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Teac A-3300 SX-2T... Worth it?
Old 7th May 2006
Here for the gear

Teac A-3300 SX-2T... Worth it?

I have the opportunity to purchase a Teac A-3300 SX-2T.

My questions are...

1) Is this model a worthwhile/useful thing to look into? I know it's no Studer, but given that it's a 1/2 track deck, runs at 15 IPS.... it might sound pretty good?

2) If I am going to be using the deck only in my studio and nowhere else (i.e. everything that hits tape will eventually go back into the computer), can I get by without buying an alignment tape?

3) What's a good price for this model in working condition?
Old 7th May 2006
Here for the gear

Some background:

I'm running a Digi 001 PTLE setup, mixing into a SoundCraft E8 with outboard fx... usually feeding the mixdown back into PTLE as an extra track. I've got an old silver ADAT that I use as a varispeed for PTLE, but I'm afraid to mix down to it because the little bit of experimenting I've done with it gave me the impression that the converters are even more harsh than the 001's.

I used to engineer with analog multitracks and mix down to 2 tracks about 10-15 years ago... I don't miss the maintenance -- the cleaning, the biasing, etc. However, I do like analog 'warmth'. I like the way tape smooths out the transients, even if it's fairly high maintenance to work with, compared to a DAW.

Ultimately, I'm tempted to look into this deck as a way to provide some warmth/glue to my mixes. Or maybe use it for tracking as well. (I'm a one man band recording artist, I dig old recordings, vintage gear, vintage recording techniques, etc.)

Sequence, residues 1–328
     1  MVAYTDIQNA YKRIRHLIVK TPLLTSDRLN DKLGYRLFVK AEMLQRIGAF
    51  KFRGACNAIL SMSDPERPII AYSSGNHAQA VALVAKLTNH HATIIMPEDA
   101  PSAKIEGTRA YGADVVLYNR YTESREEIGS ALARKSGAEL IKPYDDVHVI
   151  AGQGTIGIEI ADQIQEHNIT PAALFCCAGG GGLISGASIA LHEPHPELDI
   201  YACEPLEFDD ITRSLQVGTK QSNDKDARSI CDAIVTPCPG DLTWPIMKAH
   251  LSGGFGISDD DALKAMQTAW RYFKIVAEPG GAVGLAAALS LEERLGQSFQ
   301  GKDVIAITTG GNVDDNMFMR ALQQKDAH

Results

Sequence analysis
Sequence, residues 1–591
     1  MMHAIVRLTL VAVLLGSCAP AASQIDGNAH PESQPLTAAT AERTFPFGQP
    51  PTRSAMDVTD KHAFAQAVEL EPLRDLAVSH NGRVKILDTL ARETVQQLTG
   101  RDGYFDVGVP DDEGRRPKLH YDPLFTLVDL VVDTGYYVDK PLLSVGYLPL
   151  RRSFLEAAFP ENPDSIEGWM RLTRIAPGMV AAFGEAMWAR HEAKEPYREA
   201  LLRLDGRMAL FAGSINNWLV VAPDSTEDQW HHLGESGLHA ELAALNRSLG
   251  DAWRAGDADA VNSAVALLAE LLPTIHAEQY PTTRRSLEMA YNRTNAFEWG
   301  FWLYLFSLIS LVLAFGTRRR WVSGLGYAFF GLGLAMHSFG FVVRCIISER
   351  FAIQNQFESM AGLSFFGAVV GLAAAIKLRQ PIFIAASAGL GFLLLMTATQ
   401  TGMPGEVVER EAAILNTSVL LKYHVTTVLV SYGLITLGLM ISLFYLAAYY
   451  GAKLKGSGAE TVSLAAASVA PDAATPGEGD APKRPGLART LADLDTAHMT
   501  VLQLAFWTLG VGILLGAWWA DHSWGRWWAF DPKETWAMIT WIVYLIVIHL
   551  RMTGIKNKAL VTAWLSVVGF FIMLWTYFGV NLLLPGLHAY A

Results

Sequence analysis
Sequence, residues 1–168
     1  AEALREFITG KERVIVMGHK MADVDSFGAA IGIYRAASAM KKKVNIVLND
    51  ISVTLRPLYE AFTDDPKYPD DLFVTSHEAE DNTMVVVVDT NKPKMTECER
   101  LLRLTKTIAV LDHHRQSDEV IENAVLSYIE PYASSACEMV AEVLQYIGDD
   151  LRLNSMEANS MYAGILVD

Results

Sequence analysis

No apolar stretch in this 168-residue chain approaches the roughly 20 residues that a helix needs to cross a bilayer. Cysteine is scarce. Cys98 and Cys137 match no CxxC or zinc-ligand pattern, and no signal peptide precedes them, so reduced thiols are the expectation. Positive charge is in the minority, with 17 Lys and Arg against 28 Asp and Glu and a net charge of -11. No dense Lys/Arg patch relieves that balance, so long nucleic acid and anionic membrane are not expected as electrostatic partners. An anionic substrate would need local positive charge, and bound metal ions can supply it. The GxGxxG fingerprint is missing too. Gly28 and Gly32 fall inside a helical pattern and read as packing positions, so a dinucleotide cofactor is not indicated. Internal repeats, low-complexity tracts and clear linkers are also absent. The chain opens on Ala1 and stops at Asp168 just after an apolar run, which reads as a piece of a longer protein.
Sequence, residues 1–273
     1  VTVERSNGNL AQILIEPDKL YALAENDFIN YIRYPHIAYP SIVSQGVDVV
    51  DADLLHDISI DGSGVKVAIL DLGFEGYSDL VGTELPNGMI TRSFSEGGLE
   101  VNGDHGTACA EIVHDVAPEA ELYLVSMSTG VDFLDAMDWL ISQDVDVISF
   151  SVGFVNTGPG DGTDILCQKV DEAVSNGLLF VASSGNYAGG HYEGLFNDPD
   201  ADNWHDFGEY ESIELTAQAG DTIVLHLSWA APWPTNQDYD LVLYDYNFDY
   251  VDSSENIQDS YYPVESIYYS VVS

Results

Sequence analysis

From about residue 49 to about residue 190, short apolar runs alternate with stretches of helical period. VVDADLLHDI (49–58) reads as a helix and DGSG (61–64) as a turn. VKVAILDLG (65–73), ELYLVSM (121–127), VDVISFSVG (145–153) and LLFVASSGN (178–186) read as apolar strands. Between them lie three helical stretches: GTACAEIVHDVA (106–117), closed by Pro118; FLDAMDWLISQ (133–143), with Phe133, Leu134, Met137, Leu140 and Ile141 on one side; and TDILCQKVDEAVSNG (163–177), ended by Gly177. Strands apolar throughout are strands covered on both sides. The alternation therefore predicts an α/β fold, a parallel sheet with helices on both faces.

Thanks in advance for any advice/opinions!
Old 8th May 2006
Lives for gear

In retrospect TEAC decks (same as TASCAM) are not really held with much regard, but they don't sound THAT bad. I guess that they rank somewhere below an Otari which doesn't sound as good as an MCI which doesn't sound as good as an early Ampex or as accurate and pristien as a Studer.

I actually think that the heads on TEAC/TASCAM stuff was the weak link.
They all seem to have the big low end bump.

I had a TASCAM model 52 that I prefered over my Ampex AG440 in the mid eighties.
In hindsight it might have just been newer!

Either way, I switched to mixing to a SONY PCM701 and a SONY Beta deck in about 1987.
DATs followed and it wasn't until 1990 when I scored an Ampex 102 that I went back to mixing onto an analog deck.

TEAC/TASCAM stuff just doesn't give the great saturated tape sound that Ampex and other decks do. They just lack the "magic." Still, if you didn't tell anyone they probebly couldn't tell the difference today!

I would be hesitant to mix to that deck, though.

If you get the deck you DEFINITELY need to buy and alignment tape and calibrate it.
Analog tape can sound pretty bad without alignment.

Oh yeah... I just remeber why TEAC stuff is so un-popular....
It is a BITCH to align them!
The alignment controls are hard to get to and the whole alignment procedure is a bit odd compared to most other decks.
It's like they figured that people wouldn't align the decks and the whole alignment process was the domain of a repair tech.

If it's cheap (which it ought to be!) buy it for fun.
You should pay the same for the deck as the price of an alignment tape!
Funny thought!

Also, make sure that EVERYTHING is in good shape because parts will not be plentiful and they are definitely not cheap!

I just last week offered $75 for a TASCAM 3440 only because I have some twenty year old tapes I'd like to transfer.